Tuesday, December 31, 2013

DENSI 2013

For the past two years, I've been working with Discovery Education as an ambassador/DENStar for my school district.  

We've adapted their Launch into Teaching assessments to measure students' academic growth, but we focus more on the tools on their website.  From video streaming and board building (similar to glogster)  to online tech books and virtual labs, Discovery has a lot of tech tools available for teachers.  They also have a plethora of audio clips and images as well as suggested lesson plans, which come in very handy! 

They also have the Discovery Educator Network Summer Institute (DENSI) each summer.  Last year, I attended in Burlington, Vermont and had an amazing time.  Once again, I was the sole representative for my state so I was a little overwhelmed at first but by the end of the week, felt right at home.

I was placed in a dorm with 3 other ladies, 2 who were veterans and another newbie from California.  

DENSI was a mix of key note speakers, hands-on sessions and break-out sessions.  I set up twitter for the first time at DENSI after learning about how this social media tool could be used for professional development and teacher networking.  I tried my hand at geo-caching and well, I'm not very great at it (yet?).  We learned about sustainable farming and I milked a goat for the first time. 

(That was an interesting experience to say the least.)

We played with different apps and talked about classroom application.  We learned about chromebooks and I learned all sorts of things my new GS4 could do!  We learned more about video streaming and using Skype in the classroom.

Besides being a techy's dream, it was a wonderful opportunity to meet other teachers from around the United States and Canada.  Here is the list of attendees and their prospective websites. 

I think what I enjoyed best was the time to sit in small groups and talk about best teaching practices.  One teacher was struggling with his math block, so we talked for over an hour about restructuring it for effectiveness.  Since I want to be an academic coach, it was a great, unexpected opportunity for professional growth.

Snapshots from the week are here in dropbox.

PLUS I got a sneak peek of Shark Week! I LOVE Shark Week...and my new beverage holder!

I loved DENSI 2013 and would highly recommend the professional development.

I can't wait for Discovery to release their applications for DENSI 2014!  As soon as they do, I'll post the link :)


Now that it's Winter Break, I have the time (sort of) to catch up on movies.

So I decided to check out the new(ish) film Sea of Monsters.

Like it's predecessor The Lightning Thief, I didn't love it.  It was cute, but I feel strays too far from Rick Riordian's novel to make me gush.  Granted, this director seemed to do a better job than the first one so that's a positive move.

However, due to the differences between film and novel, my students should be able to engage in great conversations about the similarities and differences between the novel and the film adaptation.

So I created a sort for them and you can snag it too here!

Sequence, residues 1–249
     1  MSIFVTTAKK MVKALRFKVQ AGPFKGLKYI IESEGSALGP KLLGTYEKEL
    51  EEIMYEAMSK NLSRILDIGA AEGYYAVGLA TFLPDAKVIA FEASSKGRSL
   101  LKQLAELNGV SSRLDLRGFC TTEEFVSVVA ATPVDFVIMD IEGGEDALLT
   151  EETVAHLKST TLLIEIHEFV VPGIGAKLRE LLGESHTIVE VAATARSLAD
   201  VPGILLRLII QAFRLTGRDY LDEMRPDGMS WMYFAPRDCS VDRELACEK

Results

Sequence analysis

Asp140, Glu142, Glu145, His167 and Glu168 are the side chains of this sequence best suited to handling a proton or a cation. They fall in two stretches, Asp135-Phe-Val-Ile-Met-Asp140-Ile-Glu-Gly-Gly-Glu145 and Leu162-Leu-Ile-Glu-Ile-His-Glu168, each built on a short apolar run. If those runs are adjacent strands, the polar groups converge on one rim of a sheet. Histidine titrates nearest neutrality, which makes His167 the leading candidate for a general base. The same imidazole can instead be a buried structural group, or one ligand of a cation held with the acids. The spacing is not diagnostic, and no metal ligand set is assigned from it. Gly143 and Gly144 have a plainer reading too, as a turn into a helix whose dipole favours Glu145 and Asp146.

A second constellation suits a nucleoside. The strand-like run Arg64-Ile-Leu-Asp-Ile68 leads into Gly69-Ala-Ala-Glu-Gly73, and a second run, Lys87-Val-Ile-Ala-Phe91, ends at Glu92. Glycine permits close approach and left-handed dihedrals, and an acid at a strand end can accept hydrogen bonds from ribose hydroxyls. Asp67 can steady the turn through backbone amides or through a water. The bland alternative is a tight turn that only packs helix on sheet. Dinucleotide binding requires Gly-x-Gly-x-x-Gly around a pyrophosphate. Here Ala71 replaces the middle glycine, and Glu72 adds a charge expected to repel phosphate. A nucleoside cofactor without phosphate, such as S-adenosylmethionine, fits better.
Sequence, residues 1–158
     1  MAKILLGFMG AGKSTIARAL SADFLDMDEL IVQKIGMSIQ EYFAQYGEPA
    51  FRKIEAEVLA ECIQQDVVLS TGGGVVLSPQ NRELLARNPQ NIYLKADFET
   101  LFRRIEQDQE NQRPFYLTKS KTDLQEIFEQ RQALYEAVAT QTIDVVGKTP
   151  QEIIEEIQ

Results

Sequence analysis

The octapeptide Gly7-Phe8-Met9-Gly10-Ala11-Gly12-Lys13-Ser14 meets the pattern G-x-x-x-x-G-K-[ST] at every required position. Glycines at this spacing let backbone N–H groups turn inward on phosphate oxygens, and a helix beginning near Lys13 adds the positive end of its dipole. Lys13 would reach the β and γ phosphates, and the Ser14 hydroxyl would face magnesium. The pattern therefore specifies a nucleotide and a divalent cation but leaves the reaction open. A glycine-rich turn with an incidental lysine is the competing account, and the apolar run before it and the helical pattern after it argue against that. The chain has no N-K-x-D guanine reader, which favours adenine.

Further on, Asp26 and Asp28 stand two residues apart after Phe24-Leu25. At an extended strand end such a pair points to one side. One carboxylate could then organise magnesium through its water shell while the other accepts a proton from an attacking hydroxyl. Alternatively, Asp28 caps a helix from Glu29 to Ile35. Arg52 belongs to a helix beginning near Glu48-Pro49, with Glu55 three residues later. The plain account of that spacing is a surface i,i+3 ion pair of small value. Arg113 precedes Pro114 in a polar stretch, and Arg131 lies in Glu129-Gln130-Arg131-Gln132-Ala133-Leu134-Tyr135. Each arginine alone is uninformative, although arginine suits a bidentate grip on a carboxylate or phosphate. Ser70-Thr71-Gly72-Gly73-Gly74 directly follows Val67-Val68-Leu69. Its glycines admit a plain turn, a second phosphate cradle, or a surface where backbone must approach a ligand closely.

Just like my first one, this center has students sort task cards into categories:film only, novel only and both.

An answer key is included!

Happy reading :)

Monday, December 30, 2013

Mickelson Exxon-Mobile Teacher's Academy (MEMTA)

If you have the opportunity and are eligible to apply for this fellowship, I strongly encourage it!

I had the privilige of representing my state (yes, I was the sole representative from my entire state) during the summer of 2012.  I loved the opportunity to network with fellow 3-5 teachers from around the world.

(Laura and I organized a surprise flash mob as a thank you for NSTA and Exxon.  Ponchos were involved. It was epic.)

We not only learned about science, but did science and math.  It was like science camp for grown ups!  For more information, visit NSTA's website!

(On a side note, we stayed right across the water from New York City and had evenings free to explore!  I caught a showing of Phantom of the Opera on Broadway, was on the jumbo tron in Times Square, visited the 9/11 memorial and took a horse drawn carriage ride through Central Park!)

(Plus, I met the Mickelsons!  They're also Arizona State Alums, so we're showing some Sun Devil love)

Apply! What do you have to lose?

End of Year Tax Donations

If you haven't used your end of year tax credit, consider making a donation to my students via donorschoose.org!  

The resources will be used by my students, shared with my grade level and very much appreciated!  Plus you'll get a snazzy shout out here!

New Sort! RL 5.7

So we read 90% of The Lightning Thief before winter break and watched the film adaptation on the last day of school for the calendar year.  In a perfect world, we would have finished the novel first but...that didn't happen.  

It was my first time seeing the movie and I must say, I wasn't too impressed. 

Yes, the film was cute but didn't really follow the book.  There were lots of differences and I'm glad my students picked up on these differences.  Comparing & contrasting a film with the text is a great, critical thinking skill to have!